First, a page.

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IFC News: Afterlives, Bogdanovich.

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This week at IFC News:

We’re prompted by "Wristcutters: A Love Story" is run down a few other high-concept film visions of the afterlife:

What Dreams May Come (1998)

Directed by Vincent Ward

The afterlife is: an interactive art gallery

Vincent Ward’s vision of the great beyond (based, with some significant
alterations, on the novel by Richard Matheson) is best known for its
intense imagery, from the pastoral beauty of Robin Williams’ heaven to
the abject horror of of Annabella Sciorra’s hell. But the ultimate
message is less about how things look after death and more about how we
see them. Sciorra’s character Annie is sent to hell not because she
chose to commit suicide after the death of her children and her husband
Chris (Williams) but because those who commit suicide are so utterly
despondent that they cannot accept the reality of their own death. It’s
only by coming to grips with her own mortality that Annie can escape
her fate and rejoin her husband. Of course, after all that effort, they
decide to get reincarnated anyway, and do the whole living thing over
again from stem to stern. Obviously they were a very sequel-minded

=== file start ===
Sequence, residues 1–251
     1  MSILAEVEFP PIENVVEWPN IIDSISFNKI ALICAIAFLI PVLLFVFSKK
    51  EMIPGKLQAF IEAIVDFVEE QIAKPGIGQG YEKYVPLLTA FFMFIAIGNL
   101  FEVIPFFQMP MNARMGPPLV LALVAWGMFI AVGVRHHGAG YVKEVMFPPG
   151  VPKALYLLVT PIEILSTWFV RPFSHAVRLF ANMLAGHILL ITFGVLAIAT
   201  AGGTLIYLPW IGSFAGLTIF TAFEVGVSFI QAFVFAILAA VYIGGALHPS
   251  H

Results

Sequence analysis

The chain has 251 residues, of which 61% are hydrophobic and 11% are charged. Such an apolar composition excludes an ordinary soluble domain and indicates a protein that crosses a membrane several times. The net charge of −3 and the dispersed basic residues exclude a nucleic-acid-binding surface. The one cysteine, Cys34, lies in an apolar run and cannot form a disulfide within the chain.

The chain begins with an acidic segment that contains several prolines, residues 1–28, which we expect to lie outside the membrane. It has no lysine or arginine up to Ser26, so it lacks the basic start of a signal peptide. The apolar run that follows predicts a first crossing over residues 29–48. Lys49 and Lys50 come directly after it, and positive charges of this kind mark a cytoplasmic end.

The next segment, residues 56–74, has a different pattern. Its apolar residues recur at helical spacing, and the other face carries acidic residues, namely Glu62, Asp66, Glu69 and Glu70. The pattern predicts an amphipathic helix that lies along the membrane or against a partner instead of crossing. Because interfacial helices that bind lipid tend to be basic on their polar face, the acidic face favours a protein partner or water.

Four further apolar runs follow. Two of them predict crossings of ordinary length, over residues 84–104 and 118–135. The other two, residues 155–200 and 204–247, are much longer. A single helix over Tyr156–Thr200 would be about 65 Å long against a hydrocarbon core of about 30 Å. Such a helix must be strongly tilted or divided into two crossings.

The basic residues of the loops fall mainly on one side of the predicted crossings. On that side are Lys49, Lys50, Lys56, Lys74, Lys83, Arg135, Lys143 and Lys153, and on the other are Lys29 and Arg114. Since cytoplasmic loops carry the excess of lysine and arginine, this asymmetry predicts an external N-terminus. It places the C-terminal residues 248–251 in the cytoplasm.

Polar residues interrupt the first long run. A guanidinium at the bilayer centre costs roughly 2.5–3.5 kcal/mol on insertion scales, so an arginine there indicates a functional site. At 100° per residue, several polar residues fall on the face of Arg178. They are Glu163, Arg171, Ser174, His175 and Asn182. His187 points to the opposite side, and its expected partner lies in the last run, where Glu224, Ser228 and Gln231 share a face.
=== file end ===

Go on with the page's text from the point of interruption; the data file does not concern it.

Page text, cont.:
Aaron Hillis talks to Peter Bogdanovich about "Runnin’ Down a Dream" and past adventures:

It’s funny, I find this collaboration so fascinating because of your
tastes. I’d sooner associate you with Cole Porter than Bruce

That’s because I did a lousy movie with Cole Porter music… "At Long Last Turkey."

Are you really that down on "At Long Last Love"? I usually find that
the most notorious commercial bombs tend to be better than the masses
like to give them credit for.

Well, you know, it wasn’t good enough. It should’ve been better. I’m
going to see if Fox will put it out in a correct version, because there
have been, like, six versions of it. But I’m not dying to put it out.
It’s okay, it’s a curiosity.

Michael Atkinson on Roger Corman:

No one has yet made a thoroughgoing case for Corman as an
auteur, and it’s easy to see why: Corman himself has never professed to
be anything but a money-monger, and his boasts over more than a
half-century of prolific culture-making have always been about how